The Canadian Securities Administration (CSA) issued “CSA Staff Notice 21-327 Guidance on the Application of Securities Legislation to Entities Facilitating the Trading of Crypto Assets” on January 16, 2020. This Staff Notice carries important implications for crypto asset trading platforms to help determine whether a transaction or a trading platform falls under the purview of Canadian securities law.
CSA/IIROC Consultation Paper 21-402, March 14, 2019 (the Consultation Paper)
The Staff Notice confirms the approach set out in CSA/ Investment Industry Regulatory Organization of Canada Consultation Paper 21-402 Proposed Framework for Crypto Asset Trading Platforms that was published on March 14, 2019. This Consultation Paper stated that securities legislation applies to platforms that support the trading of crypto assets that are securities or derivatives. A security can be a tokenized security (commonly referred to as a security token in the industry) that carries rights traditionally associated with common shares, such as the right to receive a dividend and the right to vote. A derivative can be a token that provides an option to acquire an asset in the future. In addition to platforms that facilitate the trading of securities and derivatives, the Consultation Paper stated that “securities legislation may also apply to Platforms that facilitate the buying and selling of crypto assets, including crypto assets that are commodities, because the user’s contractual right to the crypto asset may itself constitute a derivative.”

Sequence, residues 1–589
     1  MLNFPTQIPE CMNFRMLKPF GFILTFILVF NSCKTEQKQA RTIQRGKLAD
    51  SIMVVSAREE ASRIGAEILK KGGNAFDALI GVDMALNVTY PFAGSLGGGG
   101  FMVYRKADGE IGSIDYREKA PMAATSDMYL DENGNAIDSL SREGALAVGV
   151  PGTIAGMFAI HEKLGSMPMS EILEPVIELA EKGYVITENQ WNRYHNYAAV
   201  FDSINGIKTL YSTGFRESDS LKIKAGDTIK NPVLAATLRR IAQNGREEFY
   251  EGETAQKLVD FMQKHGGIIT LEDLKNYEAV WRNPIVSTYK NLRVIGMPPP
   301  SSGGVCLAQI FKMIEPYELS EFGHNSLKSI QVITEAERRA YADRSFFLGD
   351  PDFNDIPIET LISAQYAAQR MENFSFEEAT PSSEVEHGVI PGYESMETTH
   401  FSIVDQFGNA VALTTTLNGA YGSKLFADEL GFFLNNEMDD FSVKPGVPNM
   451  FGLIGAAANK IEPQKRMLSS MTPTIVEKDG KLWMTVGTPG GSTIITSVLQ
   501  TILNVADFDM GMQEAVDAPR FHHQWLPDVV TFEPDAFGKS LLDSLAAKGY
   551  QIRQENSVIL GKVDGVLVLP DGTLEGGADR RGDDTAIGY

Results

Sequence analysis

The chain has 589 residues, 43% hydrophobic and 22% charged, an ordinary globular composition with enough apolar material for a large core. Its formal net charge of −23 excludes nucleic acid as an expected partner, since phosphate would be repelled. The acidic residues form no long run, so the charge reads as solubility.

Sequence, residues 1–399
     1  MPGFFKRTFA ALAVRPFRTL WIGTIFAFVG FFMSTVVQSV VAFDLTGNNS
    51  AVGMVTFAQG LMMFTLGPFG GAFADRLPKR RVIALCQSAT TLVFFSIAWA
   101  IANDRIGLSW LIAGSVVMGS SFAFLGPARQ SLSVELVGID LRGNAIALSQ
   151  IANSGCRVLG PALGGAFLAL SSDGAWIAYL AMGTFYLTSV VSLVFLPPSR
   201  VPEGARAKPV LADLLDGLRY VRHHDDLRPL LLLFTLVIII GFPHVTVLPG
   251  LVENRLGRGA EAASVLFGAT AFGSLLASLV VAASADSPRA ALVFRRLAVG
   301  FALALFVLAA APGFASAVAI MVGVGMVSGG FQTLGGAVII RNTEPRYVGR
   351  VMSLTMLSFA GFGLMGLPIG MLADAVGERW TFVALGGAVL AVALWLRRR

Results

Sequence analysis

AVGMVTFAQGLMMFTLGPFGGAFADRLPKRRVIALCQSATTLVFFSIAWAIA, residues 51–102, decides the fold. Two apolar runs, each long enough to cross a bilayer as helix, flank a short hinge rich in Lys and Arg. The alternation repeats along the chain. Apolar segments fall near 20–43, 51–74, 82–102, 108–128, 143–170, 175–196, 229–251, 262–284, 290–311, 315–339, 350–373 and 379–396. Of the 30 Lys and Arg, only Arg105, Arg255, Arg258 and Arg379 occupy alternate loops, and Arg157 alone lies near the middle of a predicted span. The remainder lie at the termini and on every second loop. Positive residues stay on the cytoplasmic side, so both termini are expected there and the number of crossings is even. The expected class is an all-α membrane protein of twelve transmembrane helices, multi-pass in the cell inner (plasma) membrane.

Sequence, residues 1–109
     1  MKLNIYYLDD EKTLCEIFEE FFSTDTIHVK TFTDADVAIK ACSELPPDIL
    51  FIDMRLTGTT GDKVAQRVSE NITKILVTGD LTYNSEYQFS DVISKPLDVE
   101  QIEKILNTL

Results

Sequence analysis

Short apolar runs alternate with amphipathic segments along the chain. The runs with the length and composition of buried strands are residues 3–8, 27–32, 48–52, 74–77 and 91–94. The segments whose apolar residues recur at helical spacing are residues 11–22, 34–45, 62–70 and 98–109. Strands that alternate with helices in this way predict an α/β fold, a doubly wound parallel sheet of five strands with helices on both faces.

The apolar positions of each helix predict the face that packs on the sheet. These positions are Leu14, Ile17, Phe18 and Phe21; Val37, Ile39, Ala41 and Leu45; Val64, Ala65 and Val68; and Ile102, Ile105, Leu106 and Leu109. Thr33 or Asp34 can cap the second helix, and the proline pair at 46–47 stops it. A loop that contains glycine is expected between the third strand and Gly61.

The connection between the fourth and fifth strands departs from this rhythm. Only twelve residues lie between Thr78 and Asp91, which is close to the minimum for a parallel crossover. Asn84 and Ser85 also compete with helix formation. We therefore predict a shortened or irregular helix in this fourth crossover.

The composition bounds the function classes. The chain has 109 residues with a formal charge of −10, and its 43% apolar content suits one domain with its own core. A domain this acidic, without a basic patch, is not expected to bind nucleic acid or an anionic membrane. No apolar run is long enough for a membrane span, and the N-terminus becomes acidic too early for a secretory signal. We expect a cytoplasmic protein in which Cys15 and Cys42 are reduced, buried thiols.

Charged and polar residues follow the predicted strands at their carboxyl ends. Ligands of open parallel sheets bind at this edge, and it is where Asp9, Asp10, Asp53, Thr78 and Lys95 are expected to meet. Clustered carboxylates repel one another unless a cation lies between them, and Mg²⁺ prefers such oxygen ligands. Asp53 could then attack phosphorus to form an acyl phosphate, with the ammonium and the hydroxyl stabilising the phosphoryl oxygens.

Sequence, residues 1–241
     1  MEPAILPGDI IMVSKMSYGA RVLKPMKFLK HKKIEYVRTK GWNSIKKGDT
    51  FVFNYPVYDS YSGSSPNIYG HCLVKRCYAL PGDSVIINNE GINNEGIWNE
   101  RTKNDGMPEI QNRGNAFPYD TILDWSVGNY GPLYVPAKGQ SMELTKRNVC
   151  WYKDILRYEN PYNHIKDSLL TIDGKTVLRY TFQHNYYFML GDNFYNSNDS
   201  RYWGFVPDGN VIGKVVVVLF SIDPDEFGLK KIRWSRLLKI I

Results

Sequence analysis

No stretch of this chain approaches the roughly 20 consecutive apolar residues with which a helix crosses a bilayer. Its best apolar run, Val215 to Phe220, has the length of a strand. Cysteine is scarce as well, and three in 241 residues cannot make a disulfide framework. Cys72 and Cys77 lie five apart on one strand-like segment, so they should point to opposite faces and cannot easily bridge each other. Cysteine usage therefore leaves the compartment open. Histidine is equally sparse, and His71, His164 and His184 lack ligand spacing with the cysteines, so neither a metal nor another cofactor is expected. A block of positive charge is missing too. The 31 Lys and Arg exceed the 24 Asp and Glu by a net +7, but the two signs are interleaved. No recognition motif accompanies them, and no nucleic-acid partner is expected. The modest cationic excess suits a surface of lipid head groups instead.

CSA Staff Notice 21-327 (the Staff Notice)
The Staff Notice notes that some platform providers are of the view that securities legislation does not apply to them because they only allow transactions of crypto assets that “are not, in and of themselves, derivatives or securities.” The Staff Notice indicates that unless the platform is providing an immediate delivery of the crypto asset to its users at the time of the purchase, the platform is “merely providing users with a contractual right or claim to an underlying crypto asset, rather than immediately delivering the crypto asset to its users” and, in such cases, “these Platforms are generally subject to securities legislation.”
The CSA will consider immediate delivery of the crypto asset to have occurred if the platform immediately transfers ownership, possession and control of the crypto asset to the user and, thereafter, the user is free to use or deal with the crypto asset without any involvement with the platform or its affiliates, and the user is not exposed to “insolvency risk (credit risk), fraud risk, performance risk or proficiency risk on the part of the Platform.”